In today’s world, there’s one asset that trumps all others – the one commodity that you can’t put a price on. It’s the fuel driving innovation in the 21st century and the coveted key to surviving and thriving in competitive markets. For many businesses, it’s worth even more than oil! Any guesses?
Yes, it’s the word that makes the world go round: Data!
In a digital world where 9 in every 10 people own at least one device, data is perhaps the world’s most powerful currency. Looking at the MENA region alone, rising mobile connectivity and smartphone penetration is propelling the region’s digital economy.
And the numbers just keep getting more compelling. In 2021, mobile internet users in MENA exceeded 300 million. About 270 million of those were 4G connections. As 5G technology picks up pace, pundits predict 116m 5G connections in MENA by 2025.
This penetration of mobile technology is also reflected in the region’s digital economy. Estimates suggest that in 2022 it came in hot at USD 100 billion. And it is poised to reach USD 500 billion in 2023.
These numbers are staggering. And they clearly show that customers want speed and convenience. They want frictionless digital solutions that are customised to their needs. This home truth is pushing businesses in every industry to hunt for data and pair it with the right technology to offer innovative products. And banking and fintech are no exception.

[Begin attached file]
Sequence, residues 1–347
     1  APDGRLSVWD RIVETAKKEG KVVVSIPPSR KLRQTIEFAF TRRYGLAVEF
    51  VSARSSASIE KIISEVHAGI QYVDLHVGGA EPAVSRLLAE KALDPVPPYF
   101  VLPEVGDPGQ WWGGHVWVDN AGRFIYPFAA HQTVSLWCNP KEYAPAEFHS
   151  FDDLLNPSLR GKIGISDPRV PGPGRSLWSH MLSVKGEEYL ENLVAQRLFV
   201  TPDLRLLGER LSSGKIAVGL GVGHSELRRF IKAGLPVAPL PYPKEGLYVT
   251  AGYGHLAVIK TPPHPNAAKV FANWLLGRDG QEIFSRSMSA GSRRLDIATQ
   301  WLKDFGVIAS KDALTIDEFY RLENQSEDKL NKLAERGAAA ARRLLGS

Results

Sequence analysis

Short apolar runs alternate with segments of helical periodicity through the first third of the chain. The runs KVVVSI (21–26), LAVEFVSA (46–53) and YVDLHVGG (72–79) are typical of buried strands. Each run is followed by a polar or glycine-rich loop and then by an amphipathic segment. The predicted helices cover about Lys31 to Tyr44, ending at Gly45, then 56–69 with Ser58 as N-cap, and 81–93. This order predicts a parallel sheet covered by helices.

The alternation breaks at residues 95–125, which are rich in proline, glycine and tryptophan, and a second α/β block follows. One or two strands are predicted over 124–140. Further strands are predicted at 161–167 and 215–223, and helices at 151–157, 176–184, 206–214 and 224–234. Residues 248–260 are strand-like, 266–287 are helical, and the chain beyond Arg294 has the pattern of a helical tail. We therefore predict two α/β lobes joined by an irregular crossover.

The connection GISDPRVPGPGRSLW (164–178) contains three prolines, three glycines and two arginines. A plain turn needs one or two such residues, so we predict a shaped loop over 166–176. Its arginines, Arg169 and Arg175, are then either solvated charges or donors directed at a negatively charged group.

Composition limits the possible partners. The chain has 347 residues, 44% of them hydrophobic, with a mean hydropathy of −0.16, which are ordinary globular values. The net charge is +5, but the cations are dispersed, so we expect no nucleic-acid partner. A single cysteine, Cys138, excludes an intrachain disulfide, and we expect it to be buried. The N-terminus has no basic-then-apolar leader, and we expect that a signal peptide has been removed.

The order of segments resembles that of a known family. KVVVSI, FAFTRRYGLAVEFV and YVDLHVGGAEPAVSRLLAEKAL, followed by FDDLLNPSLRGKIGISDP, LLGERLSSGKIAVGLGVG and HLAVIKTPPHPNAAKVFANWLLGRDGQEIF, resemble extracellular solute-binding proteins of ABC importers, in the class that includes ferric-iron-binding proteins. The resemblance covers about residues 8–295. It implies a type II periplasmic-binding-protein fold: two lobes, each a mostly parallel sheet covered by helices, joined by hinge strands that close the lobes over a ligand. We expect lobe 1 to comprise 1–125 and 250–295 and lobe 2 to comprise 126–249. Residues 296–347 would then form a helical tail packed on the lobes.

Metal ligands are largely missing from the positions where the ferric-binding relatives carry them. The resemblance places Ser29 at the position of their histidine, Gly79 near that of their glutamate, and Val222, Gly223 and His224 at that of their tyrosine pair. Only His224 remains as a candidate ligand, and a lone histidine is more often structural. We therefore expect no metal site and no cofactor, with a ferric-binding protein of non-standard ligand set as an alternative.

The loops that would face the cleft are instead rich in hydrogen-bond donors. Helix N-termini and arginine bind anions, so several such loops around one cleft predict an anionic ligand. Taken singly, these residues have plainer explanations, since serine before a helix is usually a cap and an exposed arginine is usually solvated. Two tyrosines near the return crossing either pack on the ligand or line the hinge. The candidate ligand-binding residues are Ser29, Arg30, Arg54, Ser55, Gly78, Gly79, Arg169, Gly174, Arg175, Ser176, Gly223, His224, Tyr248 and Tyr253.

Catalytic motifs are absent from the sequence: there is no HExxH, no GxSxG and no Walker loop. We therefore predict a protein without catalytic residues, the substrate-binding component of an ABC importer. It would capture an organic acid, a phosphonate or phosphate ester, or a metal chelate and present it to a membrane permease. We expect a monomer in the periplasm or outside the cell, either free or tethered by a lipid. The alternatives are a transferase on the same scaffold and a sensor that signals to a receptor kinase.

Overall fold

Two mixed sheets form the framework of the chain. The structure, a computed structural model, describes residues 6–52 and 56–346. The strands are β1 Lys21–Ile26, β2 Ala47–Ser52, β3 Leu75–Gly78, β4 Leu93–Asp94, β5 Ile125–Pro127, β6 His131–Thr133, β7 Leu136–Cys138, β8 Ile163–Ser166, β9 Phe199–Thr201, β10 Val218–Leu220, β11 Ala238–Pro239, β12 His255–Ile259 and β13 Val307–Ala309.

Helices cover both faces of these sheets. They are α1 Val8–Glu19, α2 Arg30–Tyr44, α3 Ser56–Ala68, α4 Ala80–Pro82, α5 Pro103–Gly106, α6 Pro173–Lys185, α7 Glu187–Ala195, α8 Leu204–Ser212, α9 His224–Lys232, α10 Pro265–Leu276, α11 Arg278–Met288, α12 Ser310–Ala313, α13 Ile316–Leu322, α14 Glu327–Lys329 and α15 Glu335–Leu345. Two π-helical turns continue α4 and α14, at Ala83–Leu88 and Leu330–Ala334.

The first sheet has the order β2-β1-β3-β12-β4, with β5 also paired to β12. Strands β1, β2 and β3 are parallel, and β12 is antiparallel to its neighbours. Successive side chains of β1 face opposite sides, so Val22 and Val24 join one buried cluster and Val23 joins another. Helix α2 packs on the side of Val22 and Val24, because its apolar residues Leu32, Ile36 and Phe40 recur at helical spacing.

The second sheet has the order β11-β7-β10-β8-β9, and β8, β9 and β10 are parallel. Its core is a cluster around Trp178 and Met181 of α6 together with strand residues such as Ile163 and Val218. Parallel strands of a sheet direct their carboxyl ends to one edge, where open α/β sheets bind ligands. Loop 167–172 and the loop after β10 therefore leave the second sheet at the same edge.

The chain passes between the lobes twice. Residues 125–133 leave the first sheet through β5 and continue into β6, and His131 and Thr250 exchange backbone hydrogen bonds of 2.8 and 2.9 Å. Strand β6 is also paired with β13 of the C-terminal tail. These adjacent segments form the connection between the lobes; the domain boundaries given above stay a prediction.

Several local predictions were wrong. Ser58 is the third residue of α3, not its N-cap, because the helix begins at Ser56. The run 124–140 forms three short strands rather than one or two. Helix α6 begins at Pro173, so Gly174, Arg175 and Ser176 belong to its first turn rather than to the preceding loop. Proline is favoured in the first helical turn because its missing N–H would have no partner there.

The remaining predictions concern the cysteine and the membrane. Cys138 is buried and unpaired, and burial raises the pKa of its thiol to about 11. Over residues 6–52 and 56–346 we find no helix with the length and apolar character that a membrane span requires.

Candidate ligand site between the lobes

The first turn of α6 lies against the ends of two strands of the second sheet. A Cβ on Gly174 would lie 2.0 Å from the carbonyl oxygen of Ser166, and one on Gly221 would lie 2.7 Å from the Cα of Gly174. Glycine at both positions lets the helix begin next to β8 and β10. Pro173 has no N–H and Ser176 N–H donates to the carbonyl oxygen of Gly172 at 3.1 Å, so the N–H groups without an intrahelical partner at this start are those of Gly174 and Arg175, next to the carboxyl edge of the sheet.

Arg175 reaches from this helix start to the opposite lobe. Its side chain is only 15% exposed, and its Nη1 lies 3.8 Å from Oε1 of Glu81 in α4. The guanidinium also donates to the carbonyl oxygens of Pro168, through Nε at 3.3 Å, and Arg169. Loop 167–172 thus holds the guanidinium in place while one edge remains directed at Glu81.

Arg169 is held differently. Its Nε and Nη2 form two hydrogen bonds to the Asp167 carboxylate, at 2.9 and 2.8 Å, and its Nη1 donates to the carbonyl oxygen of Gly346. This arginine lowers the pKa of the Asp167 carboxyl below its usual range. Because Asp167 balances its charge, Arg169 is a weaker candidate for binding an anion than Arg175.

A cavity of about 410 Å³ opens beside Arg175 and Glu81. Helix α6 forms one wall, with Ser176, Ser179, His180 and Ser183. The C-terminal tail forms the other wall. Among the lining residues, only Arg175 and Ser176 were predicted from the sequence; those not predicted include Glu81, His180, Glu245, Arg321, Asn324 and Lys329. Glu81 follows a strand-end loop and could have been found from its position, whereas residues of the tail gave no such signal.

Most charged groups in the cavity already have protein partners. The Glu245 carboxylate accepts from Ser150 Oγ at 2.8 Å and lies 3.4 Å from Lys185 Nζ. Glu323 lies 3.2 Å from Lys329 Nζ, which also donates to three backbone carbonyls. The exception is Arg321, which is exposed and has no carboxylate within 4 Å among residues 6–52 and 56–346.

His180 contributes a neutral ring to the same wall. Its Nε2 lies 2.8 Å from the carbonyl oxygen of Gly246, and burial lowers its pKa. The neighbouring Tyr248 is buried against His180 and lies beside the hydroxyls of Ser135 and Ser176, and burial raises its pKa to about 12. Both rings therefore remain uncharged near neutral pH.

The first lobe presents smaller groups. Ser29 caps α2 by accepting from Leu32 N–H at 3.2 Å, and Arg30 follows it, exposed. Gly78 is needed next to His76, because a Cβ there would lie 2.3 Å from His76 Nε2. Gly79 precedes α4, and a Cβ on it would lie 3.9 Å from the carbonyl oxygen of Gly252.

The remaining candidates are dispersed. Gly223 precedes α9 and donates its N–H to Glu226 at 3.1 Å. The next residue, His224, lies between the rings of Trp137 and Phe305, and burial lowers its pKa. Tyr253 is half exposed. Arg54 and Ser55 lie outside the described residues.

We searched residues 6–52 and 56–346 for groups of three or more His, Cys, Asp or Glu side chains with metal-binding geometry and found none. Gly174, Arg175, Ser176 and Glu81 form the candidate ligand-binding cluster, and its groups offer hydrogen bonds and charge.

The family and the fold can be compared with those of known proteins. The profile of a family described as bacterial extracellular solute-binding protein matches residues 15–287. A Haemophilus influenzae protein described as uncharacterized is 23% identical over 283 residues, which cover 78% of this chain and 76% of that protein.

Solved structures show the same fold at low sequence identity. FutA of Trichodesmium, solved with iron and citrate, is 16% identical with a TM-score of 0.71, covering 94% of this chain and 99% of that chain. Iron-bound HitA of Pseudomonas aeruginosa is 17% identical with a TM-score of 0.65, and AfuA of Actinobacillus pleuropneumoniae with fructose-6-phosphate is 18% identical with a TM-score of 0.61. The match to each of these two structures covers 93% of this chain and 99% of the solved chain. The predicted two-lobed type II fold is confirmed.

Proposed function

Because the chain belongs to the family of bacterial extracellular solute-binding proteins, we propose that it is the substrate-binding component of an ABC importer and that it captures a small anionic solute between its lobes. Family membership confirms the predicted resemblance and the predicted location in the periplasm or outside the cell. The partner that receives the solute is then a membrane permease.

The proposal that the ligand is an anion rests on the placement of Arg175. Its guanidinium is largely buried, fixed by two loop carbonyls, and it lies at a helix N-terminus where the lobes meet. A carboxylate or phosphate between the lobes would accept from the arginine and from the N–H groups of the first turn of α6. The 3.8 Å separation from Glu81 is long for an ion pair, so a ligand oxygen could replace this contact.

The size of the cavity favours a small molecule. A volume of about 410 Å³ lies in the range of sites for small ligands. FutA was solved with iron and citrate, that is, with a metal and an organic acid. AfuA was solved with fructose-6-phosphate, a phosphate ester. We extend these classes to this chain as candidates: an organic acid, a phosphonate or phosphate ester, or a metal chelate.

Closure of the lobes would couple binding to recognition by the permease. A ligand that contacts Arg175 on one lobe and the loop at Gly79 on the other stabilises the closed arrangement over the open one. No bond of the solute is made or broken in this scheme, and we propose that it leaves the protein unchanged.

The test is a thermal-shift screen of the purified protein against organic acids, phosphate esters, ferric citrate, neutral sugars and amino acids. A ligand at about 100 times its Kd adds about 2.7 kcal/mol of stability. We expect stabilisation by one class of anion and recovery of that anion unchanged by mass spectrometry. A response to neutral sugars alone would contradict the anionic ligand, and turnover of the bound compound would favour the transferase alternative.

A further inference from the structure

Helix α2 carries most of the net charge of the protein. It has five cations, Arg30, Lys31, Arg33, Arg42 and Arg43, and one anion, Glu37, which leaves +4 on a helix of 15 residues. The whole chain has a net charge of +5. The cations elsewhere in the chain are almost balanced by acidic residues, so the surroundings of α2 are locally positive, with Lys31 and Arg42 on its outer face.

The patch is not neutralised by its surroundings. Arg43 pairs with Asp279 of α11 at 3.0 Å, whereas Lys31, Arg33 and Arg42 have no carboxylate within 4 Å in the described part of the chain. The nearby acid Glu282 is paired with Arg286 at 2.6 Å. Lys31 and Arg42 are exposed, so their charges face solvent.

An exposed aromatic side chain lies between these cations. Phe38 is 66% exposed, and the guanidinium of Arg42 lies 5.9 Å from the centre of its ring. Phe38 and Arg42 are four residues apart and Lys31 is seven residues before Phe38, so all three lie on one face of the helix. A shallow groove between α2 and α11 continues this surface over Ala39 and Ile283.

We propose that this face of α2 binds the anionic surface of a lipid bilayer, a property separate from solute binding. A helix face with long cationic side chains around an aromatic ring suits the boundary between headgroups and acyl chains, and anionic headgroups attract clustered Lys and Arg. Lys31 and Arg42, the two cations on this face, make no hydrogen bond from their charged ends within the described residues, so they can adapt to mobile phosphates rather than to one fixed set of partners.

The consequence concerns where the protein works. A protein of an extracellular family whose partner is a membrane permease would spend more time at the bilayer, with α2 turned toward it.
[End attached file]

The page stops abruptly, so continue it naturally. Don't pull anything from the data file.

Data in banking and the need for security
Data is at the heart of banking. Every payment a customer makes, every investment they authorise, and every loan they take out – it’s all recorded on a bank’s data server and becomes part of their financial history and profile. Every single transaction is a precious data point and banks are sitting on heaps and piles of this priceless treasure.
But something is changing. Now everyone else wants in as well.
Fintechs need the customer data that banks possess. They need it to power their solutions, innovate new products, personalise customer experiences, and ultimately, grow their businesses and their bottom lines. This is where data security becomes a critical challenge.
A customer’s financial data is sensitive. And traditionally, it’s always been banks who’ve had control of this data. However, without proper data-sharing mechanisms and regulated protocols, security concerns arise when a customer wants to share their banking data with external third parties such as fintechs. A customer needs to give access either manually or share their bank login credentials and allow the fintech to extract information directly. This is known as screen scraping. At best, it’s tedious and at worst, it’s a security risk.
Thankfully, technology is reinventing how customer banking data is shared and accessed across the ecosystem! Open banking is making its way into mainstream banking and the fintech eco-verse, and it is reinventing data transfer, sharing, and use. And spoiler alert – it’s much more secure than all other conventional alternatives. In fact, it’s the most secure data-sharing method out there.